New study: Brain exercise works

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The Star Tribune reports new research shows human brains benefit from exercise.

The National Institutes of Health-funded study compared older adults who did brain exercises with those who didn't. It showed the former group maintained cognitive skills a decade longer than those who received no brain training.

“Our findings suggest that if you want to keep your mind stronger as you get older, you can’t become a couch potato,” said George Rebok, professor at Johns Hopkins University’s Bloomberg School of Public Health and lead author of the study.

The study found 74 percent of participants who exercised their brains retained reasoning ability 10 years later, compared with 62 percent who did not do the exercises. When it came to speed of information processing, 71 percent did as well or better 10 years later, whereas only 48 percent of the participants who did not get the exercises did as well a decade later. Memory training made no measurable difference.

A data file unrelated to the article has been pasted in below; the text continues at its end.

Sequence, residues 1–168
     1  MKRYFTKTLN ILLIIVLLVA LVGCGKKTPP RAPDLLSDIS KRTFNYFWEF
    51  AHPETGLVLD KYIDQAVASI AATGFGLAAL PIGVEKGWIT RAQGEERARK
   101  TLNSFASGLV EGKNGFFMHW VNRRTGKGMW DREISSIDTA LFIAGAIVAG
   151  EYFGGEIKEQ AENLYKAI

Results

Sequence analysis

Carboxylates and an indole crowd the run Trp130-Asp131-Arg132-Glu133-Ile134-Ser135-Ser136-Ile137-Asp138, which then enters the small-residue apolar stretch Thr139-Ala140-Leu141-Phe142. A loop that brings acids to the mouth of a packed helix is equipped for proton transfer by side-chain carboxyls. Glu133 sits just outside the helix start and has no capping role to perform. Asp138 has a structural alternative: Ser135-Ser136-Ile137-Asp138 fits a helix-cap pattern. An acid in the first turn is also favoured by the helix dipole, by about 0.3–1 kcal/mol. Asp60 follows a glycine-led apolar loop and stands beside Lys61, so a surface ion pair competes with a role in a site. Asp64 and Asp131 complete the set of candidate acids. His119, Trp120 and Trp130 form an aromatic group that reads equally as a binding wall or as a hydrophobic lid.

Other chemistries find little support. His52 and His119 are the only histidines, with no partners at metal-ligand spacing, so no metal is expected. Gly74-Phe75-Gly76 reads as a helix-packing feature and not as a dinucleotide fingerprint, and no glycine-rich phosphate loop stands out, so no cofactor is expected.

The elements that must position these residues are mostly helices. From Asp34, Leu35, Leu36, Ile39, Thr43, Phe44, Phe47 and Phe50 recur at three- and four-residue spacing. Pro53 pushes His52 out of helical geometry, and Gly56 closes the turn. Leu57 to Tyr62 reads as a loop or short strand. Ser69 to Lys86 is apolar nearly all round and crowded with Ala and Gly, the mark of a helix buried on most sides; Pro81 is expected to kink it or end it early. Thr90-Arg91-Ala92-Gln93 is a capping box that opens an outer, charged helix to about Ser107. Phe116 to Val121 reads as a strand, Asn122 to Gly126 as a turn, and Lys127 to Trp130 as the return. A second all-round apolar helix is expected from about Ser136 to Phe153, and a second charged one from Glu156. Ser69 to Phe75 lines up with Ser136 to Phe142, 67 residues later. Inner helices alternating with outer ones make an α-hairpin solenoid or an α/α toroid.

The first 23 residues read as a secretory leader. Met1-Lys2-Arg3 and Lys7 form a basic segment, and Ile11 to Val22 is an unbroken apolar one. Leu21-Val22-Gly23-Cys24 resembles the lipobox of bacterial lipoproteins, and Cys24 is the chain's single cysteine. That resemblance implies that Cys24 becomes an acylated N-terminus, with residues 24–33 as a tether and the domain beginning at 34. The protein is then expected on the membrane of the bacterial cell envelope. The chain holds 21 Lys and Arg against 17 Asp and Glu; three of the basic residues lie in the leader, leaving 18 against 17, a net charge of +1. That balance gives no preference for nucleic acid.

However the Mayo Clinic posted seven tips for prolonging memory. Those include socializing, eating well, and getting lots of physical exercise.

The idea that our brains benefit from exercise is called neuroplasticity. Recognizing neuroplasticity has led to a surge in the sales of brain games like Lumosity and Memory Matrix. But researchers say, as always, buyer beware.

“Some of these programs are created by well-respected scientists and have a good scientific base supporting them,” he said. “A lot of them don’t.”

Some neuroscientists say it's better to stay mentally stimulating by socializing than by playing online games.

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